from Energy, Security, and Climate and Energy Security and Climate Change Program

If This Is Peak Oil, Then I’m Not Sure What The Problem Is

June 3, 2010

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A guest poster over at Econbrowser claims that the new EIA oil supply projections are a “Hard Core Peak Oil Forecast”. His argument is that the EIA has been steadily reducing its oil supply projections for 2020 over its last four annual projections, and that this is a sign that EIA has “placed its fortunes firmly with the peak oil crowd”. I think he’s wrong. In any case, if this is what counts as peak oil, then I’m not sure why anyone is so excited about it.

Here’s the graph that attempts to make the case:

EIA Forecasts of World Petroleum Liquids Production to 2030. Source: EIA IEO - 2007-2010.

Sure enough, EIA has been steadily reducing its projections for 2020, from 104 million barrels per day (mb/d) in its 2007 projection to 92 mb/d in its most recent projections (released last month).

But why have the projections gone down? It’s possible to more than explain the whole difference through revised expectations for economic growth. The decreased projections for oil supply have almost nothing to do with changed beliefs about the prospects for oil supply development. They are pretty much entirely explained by external factors.

The 2007 projections pegged total world GDP in 2020 at 107.1 trillion (2000) dollars, which is equivalent (XLS file) to about 118 trillion (2005) dollars. (I’ve used a “world” GDP deflator, rather than a U.S. one, to convert from 2000 to 2005; switching measures doesn’t make a big difference.) The 2010 EIA projections expect GDP in 2020 to be 97.5 trillion (2005) dollars, for a 17% reduction in expected GDP. Contrast that with a 13% reduction in expected oil production. If the GDP-elasticity of oil demand were 0.64, the reduced GDP expectations would fully explain the lower oil production estimates. As is stands, long-run income-elasticity of oil demand is almost certainly higher than that, so revised GDP estimates more than explain the lower supply projections. Indeed the interesting puzzle may be why oil supply is so high in the new estimate, rather than why it is so low.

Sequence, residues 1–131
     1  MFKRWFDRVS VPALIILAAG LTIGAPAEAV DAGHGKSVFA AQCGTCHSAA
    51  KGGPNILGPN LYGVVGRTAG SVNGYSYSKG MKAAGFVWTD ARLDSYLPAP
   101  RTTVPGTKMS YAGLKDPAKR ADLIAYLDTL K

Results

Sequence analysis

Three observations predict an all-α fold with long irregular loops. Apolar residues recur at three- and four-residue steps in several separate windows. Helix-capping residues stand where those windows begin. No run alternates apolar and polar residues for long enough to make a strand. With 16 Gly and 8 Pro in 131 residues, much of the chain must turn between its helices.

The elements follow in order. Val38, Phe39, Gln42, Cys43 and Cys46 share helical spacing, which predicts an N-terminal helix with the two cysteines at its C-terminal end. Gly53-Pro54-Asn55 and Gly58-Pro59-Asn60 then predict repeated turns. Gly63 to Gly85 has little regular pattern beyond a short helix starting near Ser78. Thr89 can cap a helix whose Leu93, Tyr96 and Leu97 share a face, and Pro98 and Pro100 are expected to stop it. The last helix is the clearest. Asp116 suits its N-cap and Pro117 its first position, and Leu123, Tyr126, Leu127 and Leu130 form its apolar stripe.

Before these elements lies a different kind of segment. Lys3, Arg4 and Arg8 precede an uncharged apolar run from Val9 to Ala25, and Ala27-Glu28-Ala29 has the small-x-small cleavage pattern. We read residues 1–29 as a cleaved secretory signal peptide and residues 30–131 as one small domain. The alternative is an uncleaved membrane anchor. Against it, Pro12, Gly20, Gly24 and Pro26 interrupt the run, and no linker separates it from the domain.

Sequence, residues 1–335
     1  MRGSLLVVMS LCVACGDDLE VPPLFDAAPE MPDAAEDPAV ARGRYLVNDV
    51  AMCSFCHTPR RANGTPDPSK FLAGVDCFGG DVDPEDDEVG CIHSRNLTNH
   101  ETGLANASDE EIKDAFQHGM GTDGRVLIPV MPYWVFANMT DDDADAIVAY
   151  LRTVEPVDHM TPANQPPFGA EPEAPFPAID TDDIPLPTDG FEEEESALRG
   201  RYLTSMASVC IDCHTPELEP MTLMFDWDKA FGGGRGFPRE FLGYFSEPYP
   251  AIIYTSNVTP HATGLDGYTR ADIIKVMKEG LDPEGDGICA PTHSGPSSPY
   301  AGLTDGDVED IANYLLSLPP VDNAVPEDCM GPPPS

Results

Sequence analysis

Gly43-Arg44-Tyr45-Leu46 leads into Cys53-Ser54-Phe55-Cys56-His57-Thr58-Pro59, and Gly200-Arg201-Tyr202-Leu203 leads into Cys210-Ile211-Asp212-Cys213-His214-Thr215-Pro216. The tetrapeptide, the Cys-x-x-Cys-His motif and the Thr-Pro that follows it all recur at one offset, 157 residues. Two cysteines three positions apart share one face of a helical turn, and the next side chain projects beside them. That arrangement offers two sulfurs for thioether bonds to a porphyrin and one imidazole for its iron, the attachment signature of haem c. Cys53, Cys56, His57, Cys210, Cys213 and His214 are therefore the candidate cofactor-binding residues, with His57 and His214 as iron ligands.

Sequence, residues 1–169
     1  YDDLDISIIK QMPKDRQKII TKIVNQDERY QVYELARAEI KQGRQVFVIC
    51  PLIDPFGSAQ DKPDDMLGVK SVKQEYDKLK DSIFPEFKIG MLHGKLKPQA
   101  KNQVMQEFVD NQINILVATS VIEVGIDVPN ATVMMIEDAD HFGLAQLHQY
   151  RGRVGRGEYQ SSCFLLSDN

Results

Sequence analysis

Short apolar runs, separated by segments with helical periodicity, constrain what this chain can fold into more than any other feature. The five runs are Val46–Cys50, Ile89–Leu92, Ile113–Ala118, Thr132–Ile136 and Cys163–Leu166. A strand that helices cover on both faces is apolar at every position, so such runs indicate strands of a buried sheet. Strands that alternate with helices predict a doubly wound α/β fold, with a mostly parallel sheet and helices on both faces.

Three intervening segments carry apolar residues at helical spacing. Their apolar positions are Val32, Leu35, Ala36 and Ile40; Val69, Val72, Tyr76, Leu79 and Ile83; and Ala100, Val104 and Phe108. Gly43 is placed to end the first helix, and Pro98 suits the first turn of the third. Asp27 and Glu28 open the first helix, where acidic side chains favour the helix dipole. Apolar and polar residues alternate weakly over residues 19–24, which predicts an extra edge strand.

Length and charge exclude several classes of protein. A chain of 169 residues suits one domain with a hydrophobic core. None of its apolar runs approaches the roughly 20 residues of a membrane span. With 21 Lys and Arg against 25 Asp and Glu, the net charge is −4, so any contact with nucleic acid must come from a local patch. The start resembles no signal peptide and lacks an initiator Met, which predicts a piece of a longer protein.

The only way out for someone who wants to blame the lower supply projections on peak oil is to argue that the lower GDP projections are themselves a consequence of peak oil. The argument would say that the lower GDP projections are the result of the current recession (true), that the current recession was the result of high oil prices (possible [PDF] but debatable [PDF]), and that the high oil prices of 2002-2008 were the result of peak oil (who the heck knows). But that is not the case that the EIA is making: It projects oil prices to rise to about $110/bbl in 2020, and to over $180/bbl [PDF] in its “high oil price case”, but in neither case does it project a recession. Indeed the impact of the high oil price case on economic growth is tiny.

Moreover, if $110/bbl oil counts as “peak oil” (since, after all, we’ve agreed to use the EIA forecasts), then I’m not sure what anyone’s so worried about. Are people really claiming that $110/bbl oil will be catastrophic?

The EIA may be wrong about how well economies can withstand sustained high oil prices and about how much oil the world can produce at a given price if called on. But it is clearly not in the peak oil camp.

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